Come and find out what's happening with
Written by: Christiane Manzella, PhD, Seleni Institute
For women who have experienced a miscarriage, stillbirth, or infant death, Mother's Day can be hard. You might feel emptiness beside you where you feel your child should be and emptiness inside you. Your arms are empty, while the arms of the mothers you see around you – at brunch, in the park, on the street – are filled. Mother's Day can be equally hard for your partner because he is also grieving and may not know how to act or how to support you on that day.
If Mother's Day is difficult, here are ways to get support and take care of yourself:
Plan to get together with family members on another day, rather than trying to participate in a Mother's Day celebration that feels too difficult. Instead, consider making plans with someone who understands your situation and find an activity that takes you away from Mother's Day celebrations, like going to the movies.
Practice what you will say when people ask you about your baby. Whatever feels comfortable to you is ok.
Ignore comments from anyone who suggests that you are not a mother. Even though you lost your child during pregnancy or soon after, you are still a parent.
Take care of yourself. Eat well, get good sleep, and pay attention to your thoughts and feelings. Choose healthy distractions, such as talking with a friend, going for a walk, or reading your favorite book. Let your friends and loved ones support you through this time.
Share your feelings about Mother's Day with the father of your child, trusted friends, or other women who have experienced a similar loss. It's important to talk with people who understand that you are grieving.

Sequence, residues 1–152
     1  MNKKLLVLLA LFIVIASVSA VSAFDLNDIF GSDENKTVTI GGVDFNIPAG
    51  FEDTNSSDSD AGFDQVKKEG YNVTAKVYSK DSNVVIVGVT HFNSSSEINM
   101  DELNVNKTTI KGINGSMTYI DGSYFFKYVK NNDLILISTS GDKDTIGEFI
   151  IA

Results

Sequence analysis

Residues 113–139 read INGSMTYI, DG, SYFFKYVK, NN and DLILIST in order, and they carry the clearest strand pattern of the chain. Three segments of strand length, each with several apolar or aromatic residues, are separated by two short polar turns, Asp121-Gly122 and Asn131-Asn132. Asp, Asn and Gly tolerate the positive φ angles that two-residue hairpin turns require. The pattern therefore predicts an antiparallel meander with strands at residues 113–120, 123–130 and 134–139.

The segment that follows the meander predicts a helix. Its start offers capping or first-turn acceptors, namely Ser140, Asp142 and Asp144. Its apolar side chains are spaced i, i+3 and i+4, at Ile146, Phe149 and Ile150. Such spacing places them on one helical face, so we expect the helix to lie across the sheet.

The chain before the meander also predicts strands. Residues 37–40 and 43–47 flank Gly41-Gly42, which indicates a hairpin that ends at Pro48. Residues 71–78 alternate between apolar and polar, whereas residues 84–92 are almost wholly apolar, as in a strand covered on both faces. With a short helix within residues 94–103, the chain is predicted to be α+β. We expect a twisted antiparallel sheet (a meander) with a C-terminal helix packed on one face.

You are a mother. You carried your baby. You parented that child. Yes, the time you were pregnant or the time that you had with your child was way too short. The length of time your baby was alive is not connected to how much you love your baby. You conceived, carried, and parented this child for the baby's whole life.
Asking why and feeling guilty are normal. More than 50 percent of miscarriages and stillbirths are unexplained, so sometimes these questions really have no answers. Just be with your thoughts while also recognizing that these thoughts most likely come from a natural instinct to find out why something went wrong in order to prevent it from happening again.
You might get stuck thinking the same thoughts over and over again (rumination). If you do, share these thoughts and concerns with someone you trust. And distract yourself by doing something that feels physically pleasurable – try brushing your hair, putting on some hand or body lotion, taking a bath, or cuddling with your partner.
Your feelings are ok. It's normal to feel anger and jealousy when you see other moms with their babies. Tears are ok. Anger is ok. These raw (and socially unacceptable) emotions will shift and become less intense, less painful, and less unpleasant as you move through your grief and see what next steps are right for you.
It is good to share feelings and thoughts. Again, it can help to talk with someone you trust – perhaps your partner or another woman who has experienced pregnancy or child loss. If you find that you are having difficulty, you might find it helpful to participate in a support group or speak to a professional who understands the grief associated with miscarriage, stillbirth, and infant loss.
You are changed forever. Grief eventually becomes less raw and sad, but you will be changed. This change also involves creating new hopes and dreams for a satisfying life. Think of it as a new normal.
Here are additional resources for support on Mother's Day and any day:
11 Things You Should Know About Grief
Should I "Move On" From My Miscarriage?
The Seleni Institute
Subsequent Pregnancy After Loss Support
Kristen Samuelson, SBD, Founder & Director